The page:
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Maseeh Hall (W1), MIT’s newly renovated undergraduate dorm, is now open for transfer applications. Current students who wish to move to Maseeh Hall must complete a short online application posted yesterday afternoon. Members of the Phoenix Group, undergraduates who committed to living in Maseeh Hall when they came to MIT and who are currently housed at the graduate residence Ashdown House (NW35), and Phoenix Group social members, who do not live at NW35 but participate informally in the community’s events, are guaranteed a spot in W1.

The dorm’s residents, 462 undergraduates total, will be 40 percent members of the freshman class of 2015 and 60 percent upperclassmen. Incoming freshman may select Maseeh Hall through the freshman housing lottery.

According to Adam J. Keyes, Manager of Housing Assignments for MIT’s Department of Housing, the applications will have students’ names, genders, and current dorms removed and will be reviewed by a Phoenix Group reading committee. Applicants will be chosen through a “mutual selection process” and will be notified of the decision by March 25, 2011.

The current Housemasters of the Phoenix Group — Professor Suzanne Flynn of the Linguistics and Philosophy department and her husband Jack Carroll — will be Housemasters of Maseeh Hall. There is currently an active search for an Associate Housemaster.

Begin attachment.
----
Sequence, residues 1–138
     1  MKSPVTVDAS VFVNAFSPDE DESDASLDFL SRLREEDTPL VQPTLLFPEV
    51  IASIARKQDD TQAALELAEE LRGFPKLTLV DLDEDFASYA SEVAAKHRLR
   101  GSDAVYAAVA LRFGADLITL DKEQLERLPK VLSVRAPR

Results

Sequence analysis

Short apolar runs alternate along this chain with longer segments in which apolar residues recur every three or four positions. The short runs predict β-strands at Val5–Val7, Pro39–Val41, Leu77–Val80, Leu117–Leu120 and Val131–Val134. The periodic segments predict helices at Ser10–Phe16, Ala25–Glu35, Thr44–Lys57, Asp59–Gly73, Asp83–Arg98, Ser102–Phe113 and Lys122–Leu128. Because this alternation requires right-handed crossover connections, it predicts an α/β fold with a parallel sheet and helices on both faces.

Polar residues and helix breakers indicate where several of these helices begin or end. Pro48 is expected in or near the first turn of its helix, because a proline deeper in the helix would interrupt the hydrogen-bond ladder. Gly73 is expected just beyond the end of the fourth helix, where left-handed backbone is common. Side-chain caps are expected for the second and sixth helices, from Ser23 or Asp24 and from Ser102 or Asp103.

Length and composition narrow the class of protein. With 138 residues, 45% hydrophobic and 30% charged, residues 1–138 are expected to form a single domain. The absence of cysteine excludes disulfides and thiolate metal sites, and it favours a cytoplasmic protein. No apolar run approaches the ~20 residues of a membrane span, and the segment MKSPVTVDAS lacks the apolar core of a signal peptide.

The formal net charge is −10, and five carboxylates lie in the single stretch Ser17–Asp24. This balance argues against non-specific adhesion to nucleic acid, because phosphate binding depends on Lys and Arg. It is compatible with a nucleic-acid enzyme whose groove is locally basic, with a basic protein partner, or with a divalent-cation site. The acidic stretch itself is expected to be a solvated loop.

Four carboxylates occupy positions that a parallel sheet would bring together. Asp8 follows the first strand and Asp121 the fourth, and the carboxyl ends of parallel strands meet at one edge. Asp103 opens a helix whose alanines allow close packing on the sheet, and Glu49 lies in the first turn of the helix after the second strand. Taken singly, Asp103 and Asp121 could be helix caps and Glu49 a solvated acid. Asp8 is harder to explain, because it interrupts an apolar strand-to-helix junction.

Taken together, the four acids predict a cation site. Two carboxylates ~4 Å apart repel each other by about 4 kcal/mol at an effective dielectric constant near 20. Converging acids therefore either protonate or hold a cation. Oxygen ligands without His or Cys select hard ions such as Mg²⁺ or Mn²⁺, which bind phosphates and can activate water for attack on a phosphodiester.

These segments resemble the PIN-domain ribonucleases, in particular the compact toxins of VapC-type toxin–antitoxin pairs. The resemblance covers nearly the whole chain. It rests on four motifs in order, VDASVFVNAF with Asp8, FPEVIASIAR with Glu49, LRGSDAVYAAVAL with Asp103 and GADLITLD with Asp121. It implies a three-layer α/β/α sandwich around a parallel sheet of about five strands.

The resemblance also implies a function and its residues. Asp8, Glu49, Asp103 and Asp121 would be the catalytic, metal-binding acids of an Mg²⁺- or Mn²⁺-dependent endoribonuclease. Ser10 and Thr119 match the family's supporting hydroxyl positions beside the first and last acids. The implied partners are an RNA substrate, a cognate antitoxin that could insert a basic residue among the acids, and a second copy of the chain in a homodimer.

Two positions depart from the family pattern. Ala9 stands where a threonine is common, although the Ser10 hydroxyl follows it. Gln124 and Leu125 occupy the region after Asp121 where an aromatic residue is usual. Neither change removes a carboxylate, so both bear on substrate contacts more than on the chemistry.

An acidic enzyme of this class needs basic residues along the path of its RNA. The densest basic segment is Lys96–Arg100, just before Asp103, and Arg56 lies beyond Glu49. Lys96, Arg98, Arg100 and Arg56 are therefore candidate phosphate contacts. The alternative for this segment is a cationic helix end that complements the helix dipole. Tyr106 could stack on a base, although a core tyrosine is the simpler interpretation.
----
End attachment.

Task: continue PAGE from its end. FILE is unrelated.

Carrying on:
Students who are not selected for Maseeh will have the opportunity to enter the April housing lottery, which will also be used to fill any vacancies remaining after the first round. No applications will be required for students who choose to enter through the April housing lottery or for the classes of 2015 and beyond.

Carolina Roque ’13, Phoenix Group president and Dormitory Council Housing Chair, estimates that roughly 50–60 people from the Phoenix Group will be moving into Maseeh Hall.

Building dorm culture

The application questions, written by Phoenix Group members, asks prospective W1 residents to explain what they would like to gain from living at W1 and to offer one suggestion to improve the dorm.

Incoming students who wanted to join the Phoenix Group before Maseeh Hall opened filled out a similar application. “We wanted to gauge people’s personalities to make a strong community and have a strong bond to take over to Maseeh. It wasn’t competitive or anything like that,” Roque said. Roque also noted that the Phoenix Group worked with the MIT Housing Office to determine how W1 would be populated. “All members of the Phoenix Group are on a committee, so everyone has an input,” she said.

Roque said that the Phoenix Group Executive Committee is also trying to develop a strong dorm and floor culture. “We’re thinking of a way to allow groups of friends to move together so floor culture is easier to develop. We want to do a floor rush, and I don’t want people to think of us as ‘just another West Campus’ dorm. We want every floor to be unique, and every type of personality to feel comfortable there.”

An art committee is in the process of negotiating the painting policy at W1. According to Keyes, students will not be allowed to paint the walls, but they may be able to paint large canvasses which will be displayed around the dorm.

When asked whether or not the presence of a dining hall might affect people’s decisions to move to Maseeh, Roque said, “Despite the dining fiasco, I know a lot of people who want to move into W1, and a lot of people in the Phoenix Group are really excited.”

“Obviously, a lot of people won’t want to move into W1 because they like cooking for themselves, but that’s fine, because there’s a place for everyone,” she said. “That’s what I love about MIT.”